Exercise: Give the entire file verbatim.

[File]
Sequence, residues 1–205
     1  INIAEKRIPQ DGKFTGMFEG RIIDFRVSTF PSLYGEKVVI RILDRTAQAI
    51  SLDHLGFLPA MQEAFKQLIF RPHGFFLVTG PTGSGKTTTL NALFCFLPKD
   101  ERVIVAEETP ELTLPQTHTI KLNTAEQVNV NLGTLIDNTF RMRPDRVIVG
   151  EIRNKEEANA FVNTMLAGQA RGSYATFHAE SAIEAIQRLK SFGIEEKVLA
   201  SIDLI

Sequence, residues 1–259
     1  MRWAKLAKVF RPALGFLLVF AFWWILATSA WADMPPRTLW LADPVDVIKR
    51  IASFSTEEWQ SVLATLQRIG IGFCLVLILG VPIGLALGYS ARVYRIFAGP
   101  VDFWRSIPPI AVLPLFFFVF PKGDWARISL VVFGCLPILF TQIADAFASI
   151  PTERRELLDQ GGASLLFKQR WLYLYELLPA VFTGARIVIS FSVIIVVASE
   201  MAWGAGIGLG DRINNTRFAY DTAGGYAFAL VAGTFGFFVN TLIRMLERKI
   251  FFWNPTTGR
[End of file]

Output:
Sequence, residues 1–205
     1  INIAEKRIPQ DGKFTGMFEG RIIDFRVSTF PSLYGEKVVI RILDRTAQAI
    51  SLDHLGFLPA MQEAFKQLIF RPHGFFLVTG PTGSGKTTTL NALFCFLPKD
   101  ERVIVAEETP ELTLPQTHTI KLNTAEQVNV NLGTLIDNTF RMRPDRVIVG
   151  EIRNKEEANA FVNTMLAGQA RGSYATFHAE SAIEAIQRLK SFGIEEKVLA
   201  SIDLI

Sequence, residues 1–259
     1  MRWAKLAKVF RPALGFLLVF AFWWILATSA WADMPPRTLW LADPVDVIKR
    51  IASFSTEEWQ SVLATLQRIG IGFCLVLILG VPIGLALGYS ARVYRIFAGP
   101  VDFWRSIPPI AVLPLFFFVF PKGDWARISL VVFGCLPILF TQIADAFASI
   151  PTERRELLDQ GGASLLFKQR WLYLYELLPA VFTGARIVIS FSVIIVVASE
   201  MAWGAGIGLG DRINNTRFAY DTAGGYAFAL VAGTFGFFVN TLIRMLERKI
   251  FFWNPTTGR